Unchecked Aggression: There’s a reveal scene in the middle of The Do-Over wherein Max (Sandler) saves his schluppy nerd friend’s life by pulling him out of a pool and kicking ass in a shootout like a Big Lots version of Jason Bourne. It’s kind of cool, or at least cool enough to make me wish that the movie had wanted to be that, a sort of half-satire comedic secret agent film with a few jabs taken at the mundanity of middle class, white existence. And it’s played perfectly straight, which means, in the grand scheme of things, it plays like another instance of male cinematic fantasy gifting Sandler a solid action sequence to include in an inevitable career retrospective montage. But later there’s a scene in which two women engage in similar combat, and instead of allowing that scene the same cinematic respect, this scene is arranged so that the fight becomes a means of entertaining Max and his friend Charlie (Spade). The two men pat shoulders to communicate their juvenile enjoyment of the girl-on-girl violence while one of their wives has her body thrown through glass and violently smashed against a wall. There’s no desire exhibited by either character or the movie to interrupt the attack, or to protect either woman. Because both of these men and their movie hate women. Outwardly, openly, and without shame. One doesn’t need to compare a second and third act scene to understand this.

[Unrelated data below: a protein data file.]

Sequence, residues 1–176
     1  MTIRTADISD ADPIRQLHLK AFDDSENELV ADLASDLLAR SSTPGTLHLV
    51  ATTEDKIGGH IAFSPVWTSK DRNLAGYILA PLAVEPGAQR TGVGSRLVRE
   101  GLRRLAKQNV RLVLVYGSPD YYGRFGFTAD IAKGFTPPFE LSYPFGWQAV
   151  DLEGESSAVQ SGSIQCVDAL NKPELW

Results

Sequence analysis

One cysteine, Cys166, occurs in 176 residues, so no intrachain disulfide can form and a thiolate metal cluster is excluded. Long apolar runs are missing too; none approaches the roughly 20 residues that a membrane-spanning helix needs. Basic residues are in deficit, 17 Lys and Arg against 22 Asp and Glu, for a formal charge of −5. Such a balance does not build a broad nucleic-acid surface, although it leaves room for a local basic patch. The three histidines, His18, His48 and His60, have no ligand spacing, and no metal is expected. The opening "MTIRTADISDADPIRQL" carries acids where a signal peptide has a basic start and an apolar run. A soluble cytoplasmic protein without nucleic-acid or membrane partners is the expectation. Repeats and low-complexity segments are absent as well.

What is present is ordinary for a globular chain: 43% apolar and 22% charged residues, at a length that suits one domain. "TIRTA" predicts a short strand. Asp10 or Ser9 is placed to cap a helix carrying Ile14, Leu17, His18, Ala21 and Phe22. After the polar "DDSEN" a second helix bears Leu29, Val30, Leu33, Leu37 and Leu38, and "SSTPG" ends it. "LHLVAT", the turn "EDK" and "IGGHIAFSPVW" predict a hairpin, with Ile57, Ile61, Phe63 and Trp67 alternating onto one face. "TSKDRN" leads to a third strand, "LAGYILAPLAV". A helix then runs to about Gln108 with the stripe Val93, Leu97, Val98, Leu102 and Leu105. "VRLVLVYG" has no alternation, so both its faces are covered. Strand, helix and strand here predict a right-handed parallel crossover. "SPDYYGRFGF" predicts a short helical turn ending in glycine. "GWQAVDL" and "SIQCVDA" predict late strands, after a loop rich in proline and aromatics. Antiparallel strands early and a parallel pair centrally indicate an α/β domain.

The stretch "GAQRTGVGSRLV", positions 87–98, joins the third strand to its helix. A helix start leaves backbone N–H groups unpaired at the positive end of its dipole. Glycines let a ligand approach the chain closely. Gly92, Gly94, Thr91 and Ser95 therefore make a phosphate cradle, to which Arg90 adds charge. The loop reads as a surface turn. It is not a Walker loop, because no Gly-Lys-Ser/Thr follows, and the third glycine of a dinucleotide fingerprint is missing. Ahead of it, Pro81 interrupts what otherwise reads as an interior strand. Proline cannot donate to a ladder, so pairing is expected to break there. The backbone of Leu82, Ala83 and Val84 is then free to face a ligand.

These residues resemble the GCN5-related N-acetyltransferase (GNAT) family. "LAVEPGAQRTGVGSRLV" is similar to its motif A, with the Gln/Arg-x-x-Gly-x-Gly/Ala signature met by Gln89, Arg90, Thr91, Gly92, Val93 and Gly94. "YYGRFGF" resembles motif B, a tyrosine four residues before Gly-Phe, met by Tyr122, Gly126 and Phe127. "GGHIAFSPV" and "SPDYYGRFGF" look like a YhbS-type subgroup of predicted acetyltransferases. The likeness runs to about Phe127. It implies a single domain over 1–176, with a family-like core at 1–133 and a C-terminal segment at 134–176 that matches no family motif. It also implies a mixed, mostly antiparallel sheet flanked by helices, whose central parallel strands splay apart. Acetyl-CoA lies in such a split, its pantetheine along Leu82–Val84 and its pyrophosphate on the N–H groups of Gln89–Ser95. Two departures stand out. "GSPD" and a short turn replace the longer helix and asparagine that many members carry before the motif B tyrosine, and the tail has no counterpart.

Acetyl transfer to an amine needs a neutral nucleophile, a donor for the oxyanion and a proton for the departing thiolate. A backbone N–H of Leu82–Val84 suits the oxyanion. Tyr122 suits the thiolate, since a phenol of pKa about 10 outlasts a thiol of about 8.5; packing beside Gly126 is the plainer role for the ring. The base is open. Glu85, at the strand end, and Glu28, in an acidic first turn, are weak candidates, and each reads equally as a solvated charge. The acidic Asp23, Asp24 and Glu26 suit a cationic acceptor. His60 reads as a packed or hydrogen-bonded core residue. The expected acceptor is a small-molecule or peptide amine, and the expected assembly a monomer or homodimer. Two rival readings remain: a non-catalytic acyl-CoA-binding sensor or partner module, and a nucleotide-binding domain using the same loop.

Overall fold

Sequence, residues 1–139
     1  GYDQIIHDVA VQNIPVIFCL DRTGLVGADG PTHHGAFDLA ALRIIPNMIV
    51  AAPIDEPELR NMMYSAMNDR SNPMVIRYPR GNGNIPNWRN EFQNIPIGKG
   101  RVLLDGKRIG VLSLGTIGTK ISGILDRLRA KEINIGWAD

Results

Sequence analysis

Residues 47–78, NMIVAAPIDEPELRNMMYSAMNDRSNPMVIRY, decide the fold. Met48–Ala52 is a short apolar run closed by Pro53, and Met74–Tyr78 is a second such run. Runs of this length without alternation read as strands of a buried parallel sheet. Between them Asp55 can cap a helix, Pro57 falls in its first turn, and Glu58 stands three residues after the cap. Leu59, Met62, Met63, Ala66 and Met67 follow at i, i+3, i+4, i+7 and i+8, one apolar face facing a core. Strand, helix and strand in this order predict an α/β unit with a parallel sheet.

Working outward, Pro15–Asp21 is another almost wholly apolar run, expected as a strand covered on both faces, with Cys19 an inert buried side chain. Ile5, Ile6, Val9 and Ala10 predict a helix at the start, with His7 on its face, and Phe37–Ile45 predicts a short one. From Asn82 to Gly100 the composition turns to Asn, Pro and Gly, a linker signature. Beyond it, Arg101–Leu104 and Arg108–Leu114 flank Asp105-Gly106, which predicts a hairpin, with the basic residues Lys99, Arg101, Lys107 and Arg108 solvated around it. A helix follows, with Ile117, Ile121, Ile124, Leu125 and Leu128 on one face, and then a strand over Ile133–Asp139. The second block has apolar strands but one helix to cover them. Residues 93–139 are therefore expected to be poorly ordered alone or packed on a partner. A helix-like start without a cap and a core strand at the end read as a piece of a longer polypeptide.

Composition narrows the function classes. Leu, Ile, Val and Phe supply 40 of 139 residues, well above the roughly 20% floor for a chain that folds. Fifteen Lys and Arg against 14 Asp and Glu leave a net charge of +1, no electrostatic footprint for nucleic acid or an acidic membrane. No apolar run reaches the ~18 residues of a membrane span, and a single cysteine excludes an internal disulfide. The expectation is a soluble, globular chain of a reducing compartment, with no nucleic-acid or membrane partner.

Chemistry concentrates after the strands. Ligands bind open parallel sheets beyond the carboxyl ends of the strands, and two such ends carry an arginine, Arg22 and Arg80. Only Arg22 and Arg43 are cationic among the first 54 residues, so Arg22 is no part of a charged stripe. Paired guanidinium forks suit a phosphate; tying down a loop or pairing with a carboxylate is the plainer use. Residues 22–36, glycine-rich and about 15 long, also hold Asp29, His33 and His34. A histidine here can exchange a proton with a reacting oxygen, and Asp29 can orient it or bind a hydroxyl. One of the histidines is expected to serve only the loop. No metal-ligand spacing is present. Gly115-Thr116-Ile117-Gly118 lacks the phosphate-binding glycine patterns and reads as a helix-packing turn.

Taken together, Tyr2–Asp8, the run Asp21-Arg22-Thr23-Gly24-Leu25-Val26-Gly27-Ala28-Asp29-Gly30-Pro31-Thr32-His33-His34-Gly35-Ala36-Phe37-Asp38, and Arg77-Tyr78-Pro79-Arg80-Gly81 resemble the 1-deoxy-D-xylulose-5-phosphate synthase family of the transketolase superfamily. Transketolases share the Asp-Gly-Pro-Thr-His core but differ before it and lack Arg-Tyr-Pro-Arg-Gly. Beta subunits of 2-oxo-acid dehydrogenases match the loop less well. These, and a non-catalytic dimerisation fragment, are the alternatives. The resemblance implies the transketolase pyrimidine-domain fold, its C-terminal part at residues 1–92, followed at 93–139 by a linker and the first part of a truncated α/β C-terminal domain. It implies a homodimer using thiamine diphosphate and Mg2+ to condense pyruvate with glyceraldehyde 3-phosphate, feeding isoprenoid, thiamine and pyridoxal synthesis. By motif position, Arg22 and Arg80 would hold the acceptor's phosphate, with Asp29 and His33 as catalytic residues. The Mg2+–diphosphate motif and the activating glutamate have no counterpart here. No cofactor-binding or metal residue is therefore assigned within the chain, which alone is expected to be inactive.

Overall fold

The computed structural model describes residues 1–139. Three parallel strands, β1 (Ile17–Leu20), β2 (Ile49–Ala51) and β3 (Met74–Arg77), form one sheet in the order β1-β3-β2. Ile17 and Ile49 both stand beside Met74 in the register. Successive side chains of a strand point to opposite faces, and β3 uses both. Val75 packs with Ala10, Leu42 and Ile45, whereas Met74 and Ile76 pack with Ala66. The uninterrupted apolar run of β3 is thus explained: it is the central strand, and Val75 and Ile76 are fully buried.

The movie opens with a voiceover from Charlie and three seconds in, he is defining his high school experience by the attention he did not receive from women. Seconds later, Max introduces himself as “Maxi-Pad” (a nickname that is never explained or thoroughly revisited) and reminisces with his old friend about being creepy teenage voyeurs watching a woman shower. Their first conversation is about Charlie’s wife Nikki (Natasha Leggero), who is immediately characterized as crazy, sexually loose, and romantically unfaithful. Spoiler: after that, every single female character in this film is at least two of those things and shamed for it, including Max’s sweet mother who never gets a name but is played by Renée Taylor and his caring wife Becca played by Kathryn Hahn. Later, on a boat, two young woman answer Max and Charlie’s request to see their breasts and, when they ask for the favor to be returned and laugh at Charlie’s pant-dropping revelation, Max fires a flare gun directly at them for a laugh.